"If you'll give me the benefit of your advice, sir, I'll be more than grateful. I understand that you handle the Knight estate. In a legal contest, I presume, we should be on opposite sides, but I hope that will not come to pass. You have a reputation for uprightness, judge, and I should be more than glad to intrust myself to you."

The judge was completely conquered.

"Suh, I thank you for the confidence you repose in me. If your proofs warrant it, I shall be pleased to open my private purse to you while awaiting court action. In the meantime, suh, you may deposit with me, for examination, whatever documentary or other evidence you may possess; also a statement covering your early life in detail. That you come to me in this fashion, suh, rather than through some other attorney, not only does you credit, but honors me mightily by such a token of confidence in my integrity. As the immortal bard has said, 'who steals my purse, steals trash, but—'"

Knight listened with respectful interest. Nevertheless, if he thought that a hearty welcome and a very polite old lawyer assured an easy success for his quest, he was speedily undeceived. When Judge Williams got down to work on the matter, he asked questions and made demands that might well have staggered any impostor. Knight's tale, however, was more than plausible.

As a boy of six, it appeared, he had been orphaned by one of those tremendous hurricanes which smite the Louisiana bayous. With other little tots, sadly isolated as himself, he was taken to the Sisters' Home, a local religious institution. There he was kept and educated. This place had been entirely destroyed by fire in 1915, and all its records lost. Thus the case pro and con might count the Sisters' Home out of the reckoning.

Fortunately for his case. Knight had far better evidence than the records of that institution might have afforded. There were two letters from Horatio Nelson Knight to the wife whom he had met and married in Louisiana. These letters called the baby by name, and mentioned the members of the family in Evansville in such a way as to leave no doubt as to the identity of the writer. They were faded and worn, but legible.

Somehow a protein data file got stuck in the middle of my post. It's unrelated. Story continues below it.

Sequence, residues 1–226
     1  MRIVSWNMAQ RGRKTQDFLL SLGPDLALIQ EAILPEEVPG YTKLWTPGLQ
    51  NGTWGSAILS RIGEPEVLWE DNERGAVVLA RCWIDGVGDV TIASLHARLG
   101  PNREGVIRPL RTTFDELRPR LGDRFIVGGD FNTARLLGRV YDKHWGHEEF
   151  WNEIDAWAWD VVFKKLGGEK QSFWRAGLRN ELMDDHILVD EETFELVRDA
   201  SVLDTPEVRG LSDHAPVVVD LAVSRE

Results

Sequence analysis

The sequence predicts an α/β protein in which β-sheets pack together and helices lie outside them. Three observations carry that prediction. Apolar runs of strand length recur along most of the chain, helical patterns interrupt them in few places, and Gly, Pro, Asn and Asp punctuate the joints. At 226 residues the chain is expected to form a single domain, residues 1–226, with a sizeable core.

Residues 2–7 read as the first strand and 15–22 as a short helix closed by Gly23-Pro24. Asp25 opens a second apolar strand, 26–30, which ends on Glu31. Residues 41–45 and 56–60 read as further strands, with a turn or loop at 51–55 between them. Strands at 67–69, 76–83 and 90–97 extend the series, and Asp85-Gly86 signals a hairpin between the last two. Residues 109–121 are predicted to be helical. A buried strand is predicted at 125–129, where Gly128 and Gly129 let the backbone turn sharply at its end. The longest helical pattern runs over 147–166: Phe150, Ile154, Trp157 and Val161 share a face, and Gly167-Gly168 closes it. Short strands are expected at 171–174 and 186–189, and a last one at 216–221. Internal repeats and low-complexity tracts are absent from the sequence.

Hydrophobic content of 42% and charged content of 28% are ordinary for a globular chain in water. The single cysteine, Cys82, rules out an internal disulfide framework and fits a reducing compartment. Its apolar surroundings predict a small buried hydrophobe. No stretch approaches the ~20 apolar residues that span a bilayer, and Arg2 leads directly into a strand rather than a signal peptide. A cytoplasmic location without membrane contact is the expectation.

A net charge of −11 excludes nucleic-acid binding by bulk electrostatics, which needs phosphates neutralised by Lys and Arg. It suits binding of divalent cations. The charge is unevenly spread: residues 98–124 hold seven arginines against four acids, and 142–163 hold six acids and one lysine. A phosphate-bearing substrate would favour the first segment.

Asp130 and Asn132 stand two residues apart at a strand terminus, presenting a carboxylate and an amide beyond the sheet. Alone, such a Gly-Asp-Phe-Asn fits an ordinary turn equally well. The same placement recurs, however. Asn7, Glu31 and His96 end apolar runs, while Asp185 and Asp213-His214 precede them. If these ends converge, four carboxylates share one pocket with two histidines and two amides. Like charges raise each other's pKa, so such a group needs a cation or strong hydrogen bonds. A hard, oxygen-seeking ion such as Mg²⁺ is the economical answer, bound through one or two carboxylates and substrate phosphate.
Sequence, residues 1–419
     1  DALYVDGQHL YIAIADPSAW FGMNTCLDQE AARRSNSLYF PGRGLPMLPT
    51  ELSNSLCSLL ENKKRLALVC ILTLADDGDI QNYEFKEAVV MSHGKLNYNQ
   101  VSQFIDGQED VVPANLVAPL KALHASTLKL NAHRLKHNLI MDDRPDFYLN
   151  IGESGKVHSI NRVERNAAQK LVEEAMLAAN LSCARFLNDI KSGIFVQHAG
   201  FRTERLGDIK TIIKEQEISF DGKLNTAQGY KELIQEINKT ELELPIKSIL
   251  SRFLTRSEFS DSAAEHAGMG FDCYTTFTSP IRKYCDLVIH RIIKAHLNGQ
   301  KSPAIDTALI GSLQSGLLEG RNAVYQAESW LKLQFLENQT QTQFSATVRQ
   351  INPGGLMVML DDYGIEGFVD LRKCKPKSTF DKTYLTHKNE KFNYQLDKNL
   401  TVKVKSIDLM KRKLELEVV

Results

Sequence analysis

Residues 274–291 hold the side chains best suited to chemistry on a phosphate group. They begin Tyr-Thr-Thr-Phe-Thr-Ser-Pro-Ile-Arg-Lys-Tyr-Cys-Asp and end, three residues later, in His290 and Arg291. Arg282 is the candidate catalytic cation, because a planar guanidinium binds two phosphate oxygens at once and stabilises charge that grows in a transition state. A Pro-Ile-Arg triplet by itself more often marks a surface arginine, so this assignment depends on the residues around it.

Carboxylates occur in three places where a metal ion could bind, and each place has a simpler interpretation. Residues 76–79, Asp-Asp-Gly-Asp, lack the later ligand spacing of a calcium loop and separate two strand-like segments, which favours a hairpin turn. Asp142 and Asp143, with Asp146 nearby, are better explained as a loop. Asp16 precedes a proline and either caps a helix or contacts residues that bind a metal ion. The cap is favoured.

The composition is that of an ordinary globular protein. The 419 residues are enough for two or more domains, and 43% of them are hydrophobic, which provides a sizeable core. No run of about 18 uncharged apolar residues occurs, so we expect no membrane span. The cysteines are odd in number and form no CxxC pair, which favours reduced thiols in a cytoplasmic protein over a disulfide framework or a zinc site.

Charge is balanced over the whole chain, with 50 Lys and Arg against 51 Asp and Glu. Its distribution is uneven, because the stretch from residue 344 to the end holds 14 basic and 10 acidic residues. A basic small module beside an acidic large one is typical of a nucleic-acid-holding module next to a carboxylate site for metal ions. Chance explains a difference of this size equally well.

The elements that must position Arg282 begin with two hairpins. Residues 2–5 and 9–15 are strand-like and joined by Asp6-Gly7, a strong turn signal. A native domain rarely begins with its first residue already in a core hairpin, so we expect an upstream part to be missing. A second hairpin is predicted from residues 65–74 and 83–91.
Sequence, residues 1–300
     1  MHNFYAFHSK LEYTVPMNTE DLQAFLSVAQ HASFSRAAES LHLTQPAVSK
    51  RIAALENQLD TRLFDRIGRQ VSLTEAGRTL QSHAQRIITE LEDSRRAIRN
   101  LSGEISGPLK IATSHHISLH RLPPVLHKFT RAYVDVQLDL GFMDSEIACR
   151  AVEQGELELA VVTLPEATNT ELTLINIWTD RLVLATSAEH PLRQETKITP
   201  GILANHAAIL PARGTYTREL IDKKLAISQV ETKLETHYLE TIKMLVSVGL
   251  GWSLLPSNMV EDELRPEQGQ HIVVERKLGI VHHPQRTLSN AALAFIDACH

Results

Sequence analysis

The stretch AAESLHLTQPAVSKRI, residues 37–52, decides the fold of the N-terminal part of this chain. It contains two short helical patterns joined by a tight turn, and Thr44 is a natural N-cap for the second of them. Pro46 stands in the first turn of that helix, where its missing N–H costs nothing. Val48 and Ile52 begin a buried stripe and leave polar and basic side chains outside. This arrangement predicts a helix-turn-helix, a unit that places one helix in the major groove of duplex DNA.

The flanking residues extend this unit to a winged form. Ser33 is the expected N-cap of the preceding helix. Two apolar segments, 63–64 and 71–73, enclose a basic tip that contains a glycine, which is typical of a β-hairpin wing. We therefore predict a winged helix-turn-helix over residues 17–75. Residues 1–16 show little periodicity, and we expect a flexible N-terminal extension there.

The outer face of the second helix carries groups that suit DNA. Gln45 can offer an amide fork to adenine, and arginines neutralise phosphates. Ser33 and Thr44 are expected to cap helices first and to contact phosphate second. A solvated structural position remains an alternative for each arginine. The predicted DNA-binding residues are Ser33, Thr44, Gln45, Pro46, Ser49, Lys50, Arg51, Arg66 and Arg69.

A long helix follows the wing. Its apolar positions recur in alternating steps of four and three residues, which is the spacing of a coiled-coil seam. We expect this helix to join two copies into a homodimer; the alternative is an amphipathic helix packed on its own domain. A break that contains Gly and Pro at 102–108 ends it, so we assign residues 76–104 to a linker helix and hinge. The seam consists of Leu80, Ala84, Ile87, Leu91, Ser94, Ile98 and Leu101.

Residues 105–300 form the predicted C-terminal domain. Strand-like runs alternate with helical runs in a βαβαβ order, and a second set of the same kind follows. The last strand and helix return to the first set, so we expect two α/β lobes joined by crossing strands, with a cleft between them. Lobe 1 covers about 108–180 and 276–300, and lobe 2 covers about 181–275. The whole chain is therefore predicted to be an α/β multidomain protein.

Then, too, there was a gold filigreed locket containing a portrait, easily recognized as that of Horatio Nelson Knight as he looked when he first lived in Louisiana.

As to his mother, the claimant knew almost nothing. He had been unable to obtain any trace of her in the Southern State.

Within the course of a few days, Judge Williams thoroughly satisfied himself that the claim was substantiated. Knight was summoned to his office and informed of the fact in the judge's heartiest manner.

"Suh, I knew your father as a boy, and I take pleasure in being the first to shake hands with you in your established identity. May I add that I have already set in motion the legal machinery which will establish you in your rights? It is my hope that you will take the rightful position of your father's son in this community. For any sum of money which you may require until the decision of the court is announced, I beg that you will draw upon me, suh."

Knight's voice was a trifle husky when he made response.

"That's mighty good of you, judge, and I appreciate your kindness. I do need some of that money at once—not for myself, however. Some time ago an old friend of mine died. His wife is stricken with tuberculosis, and he left her to my care. I promised that I would see she had proper attention, and she is now in a sanitarium out West. If I could draw a thousand dollars, to go out there and make sure that that the poor little woman is receiving every comfort, I'd—well, I can't say what it would mean to me, judge. Her doctor says she cannot live many weeks longer."

Knight suddenly turned his back and stared out of the window. The hand of the judge was already reaching for his check book.

At the door, the younger man turned for a sudden hand grip.

"I'll leave to-night, and be back in case you need me. I'll spend a week there."

More than that handclasp passed between the two men. A bond had been created which was all the stronger for being intangible.

On the train, that day, Knight looked upon the fleeting panorama of the countryside, and his chin was painfully squared.

"It hurts!" he was saying to himself. "It hurts to deceive that fine old man, to play upon his kind heart, his warm soul! Yet what harm does it do to any one? None. It is not for myself, but for Dulcie. I've got to see her again, to know that she dies in peace."

Back in his office, overlooking the green-domed courthouse. Judge Williams walked the floor. The memory of those steady brown eyes haunted him. To escape them he called in the stenographer and cleared his slate of many overdue letters. When he found a memorandum to write the Corcoran bureau a stinging letter as to the gentility of their operatives, he chuckled and tore it up.